by George Carnie
The obvious question that could be asked when you tell someone that you are a member of a model aero club is, “how did you get involved in that?” Here’s a bit of my story.
My dad was in the RAF and we travelled quite a bit after I was born. The first major move was from Scotland to Gibraltar in 1953. This was my first flight in an aircraft and I’m told it was a DC-3. With Dad being in the RAF, I had an immediate interest in aircraft, building many plastic Airfix kits during my childhood years.
Fast forward to 1980 and living in Sydney, a work colleague gave me an Aeroflyte “Invader” kit along with an OS15. This was the start of my RC journey and I joined the MAAA in that year also. However, little did I realise that the Invader was a very old kit and the club I joined, suggested I buy something a little more up to date. I also had to buy a transmitter. Off to the hobby shop and I came out with a 5 channel JR radio with the latest technology – FM! and suddenly my “free” introduction became a quite expensive start. Over $500 for the radio set, which was about 2-3 weeks wages back then.
In 1981 we relocated to Tasmania and bought a home in of all places, Oatlands. Well I thought it was reasonably centrally located in Tasmania. An hour from Hobart and much the same to Launceston! It had a shop attached and this was our “sea-change” from the rat race of Sydney.
Having the shop allowed me to join the local Rotary club and when asked what I did in my spare time, I said I had just started an interest in RC aircraft. To my disbelief, the local supermarket owner (Warren Croome), clock restorer (Derek Deane) and newsagent (Athol Dove) all said “that’s what we do, you should come and join us!” This was when I struck up a close friendship with my RC mentor Athol Dove. Athol was the local newsagent, electrician amongst many other talents. I then joined Hobart Model Aero Club as a “country” member.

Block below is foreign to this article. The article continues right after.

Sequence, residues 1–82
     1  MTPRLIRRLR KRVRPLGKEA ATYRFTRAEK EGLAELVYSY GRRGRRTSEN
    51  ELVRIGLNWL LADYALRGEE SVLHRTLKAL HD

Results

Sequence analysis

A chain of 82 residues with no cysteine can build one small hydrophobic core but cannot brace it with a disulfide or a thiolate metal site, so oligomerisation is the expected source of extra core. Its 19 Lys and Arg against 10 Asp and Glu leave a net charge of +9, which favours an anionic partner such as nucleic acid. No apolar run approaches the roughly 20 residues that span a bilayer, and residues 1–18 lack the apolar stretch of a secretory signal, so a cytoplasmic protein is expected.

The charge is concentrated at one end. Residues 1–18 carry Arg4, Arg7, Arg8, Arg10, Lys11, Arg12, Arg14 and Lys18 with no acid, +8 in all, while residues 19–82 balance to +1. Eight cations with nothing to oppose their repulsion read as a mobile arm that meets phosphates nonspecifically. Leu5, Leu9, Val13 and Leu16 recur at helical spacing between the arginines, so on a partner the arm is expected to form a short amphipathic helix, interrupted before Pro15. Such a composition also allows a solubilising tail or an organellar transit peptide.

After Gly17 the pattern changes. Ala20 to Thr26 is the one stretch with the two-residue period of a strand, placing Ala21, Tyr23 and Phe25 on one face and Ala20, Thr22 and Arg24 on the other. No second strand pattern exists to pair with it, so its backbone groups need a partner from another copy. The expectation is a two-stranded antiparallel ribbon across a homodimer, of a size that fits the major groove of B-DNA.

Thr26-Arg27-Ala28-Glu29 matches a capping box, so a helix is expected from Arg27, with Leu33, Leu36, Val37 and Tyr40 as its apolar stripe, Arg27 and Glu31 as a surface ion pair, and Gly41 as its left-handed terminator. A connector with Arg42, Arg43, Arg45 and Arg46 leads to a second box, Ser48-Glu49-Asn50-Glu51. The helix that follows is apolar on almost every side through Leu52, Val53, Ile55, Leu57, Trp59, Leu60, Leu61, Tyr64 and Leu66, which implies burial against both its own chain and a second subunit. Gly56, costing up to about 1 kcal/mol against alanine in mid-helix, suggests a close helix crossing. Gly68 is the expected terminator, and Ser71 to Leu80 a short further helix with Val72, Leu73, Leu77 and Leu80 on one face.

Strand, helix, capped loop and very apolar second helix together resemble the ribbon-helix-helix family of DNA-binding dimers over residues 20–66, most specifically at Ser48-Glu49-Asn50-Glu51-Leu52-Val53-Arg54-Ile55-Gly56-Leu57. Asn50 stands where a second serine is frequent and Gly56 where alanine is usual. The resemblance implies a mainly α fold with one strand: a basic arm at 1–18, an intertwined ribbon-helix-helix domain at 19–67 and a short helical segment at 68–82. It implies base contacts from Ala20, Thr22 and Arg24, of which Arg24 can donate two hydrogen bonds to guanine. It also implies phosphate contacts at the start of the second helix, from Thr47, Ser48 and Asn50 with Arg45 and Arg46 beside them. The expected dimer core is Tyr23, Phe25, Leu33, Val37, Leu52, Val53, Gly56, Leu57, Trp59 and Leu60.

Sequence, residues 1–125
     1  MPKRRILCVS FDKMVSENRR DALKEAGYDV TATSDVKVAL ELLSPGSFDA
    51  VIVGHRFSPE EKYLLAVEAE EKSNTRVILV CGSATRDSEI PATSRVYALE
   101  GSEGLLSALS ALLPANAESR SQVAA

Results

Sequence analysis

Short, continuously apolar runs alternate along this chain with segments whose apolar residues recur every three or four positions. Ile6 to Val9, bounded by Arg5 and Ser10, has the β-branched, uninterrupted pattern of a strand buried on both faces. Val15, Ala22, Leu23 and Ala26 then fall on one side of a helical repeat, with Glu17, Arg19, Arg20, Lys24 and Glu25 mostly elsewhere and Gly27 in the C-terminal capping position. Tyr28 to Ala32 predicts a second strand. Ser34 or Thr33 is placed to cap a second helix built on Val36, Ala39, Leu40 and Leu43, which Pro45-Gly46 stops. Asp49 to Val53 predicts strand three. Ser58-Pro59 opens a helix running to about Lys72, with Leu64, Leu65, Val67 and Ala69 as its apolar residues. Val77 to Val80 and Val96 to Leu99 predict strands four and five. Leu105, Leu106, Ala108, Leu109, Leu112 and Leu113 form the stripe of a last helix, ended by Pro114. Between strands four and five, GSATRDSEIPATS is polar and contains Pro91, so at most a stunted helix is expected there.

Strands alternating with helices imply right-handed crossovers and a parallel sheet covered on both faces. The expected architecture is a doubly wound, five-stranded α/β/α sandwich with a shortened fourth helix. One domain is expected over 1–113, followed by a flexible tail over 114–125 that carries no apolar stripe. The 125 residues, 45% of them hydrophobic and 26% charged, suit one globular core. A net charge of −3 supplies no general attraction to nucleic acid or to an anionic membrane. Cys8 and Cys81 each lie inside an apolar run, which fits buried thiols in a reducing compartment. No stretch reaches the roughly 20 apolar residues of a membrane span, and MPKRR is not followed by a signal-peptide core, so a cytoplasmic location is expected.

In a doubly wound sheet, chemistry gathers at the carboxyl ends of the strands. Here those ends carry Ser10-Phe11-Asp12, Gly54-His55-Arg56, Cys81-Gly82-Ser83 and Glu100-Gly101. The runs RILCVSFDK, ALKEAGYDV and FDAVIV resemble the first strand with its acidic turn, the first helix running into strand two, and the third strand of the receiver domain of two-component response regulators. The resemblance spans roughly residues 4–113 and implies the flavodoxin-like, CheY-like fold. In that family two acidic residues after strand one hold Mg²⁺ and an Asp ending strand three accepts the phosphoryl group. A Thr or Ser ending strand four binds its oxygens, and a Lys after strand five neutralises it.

The first thing Athol told me was to buy a decent model. So off to Garth Wilmot’s shop, located in the garage at his home in Lenah Valley. I bought an Aeroflyte Hustler Mk2, the “no aileron” version and an OS35 engine. Again, the cost of this original “free gift” was turning into an expensive hobby!
Athol taught me how to fly and being the local newsagent and electrician, he knew all the farmers and so every paddock was available to us. Due to no mown strip, we started with hand launching the Hustler. I was happy to be able to land anywhere in the paddock! I eventually upgraded the wing to an aileron version and changed the motor to an OS-40FSR. The Hustler certainly “hustled” with the motor upgrade. This is when I first met a current LMAC member, Ross Blackwell. It was actually Ross who taught Athol to fly. At the time Ross lived at Ross and we would catch up and go flying at “Cheam”, a farmer/aeromodeller’s property at Tunbridge.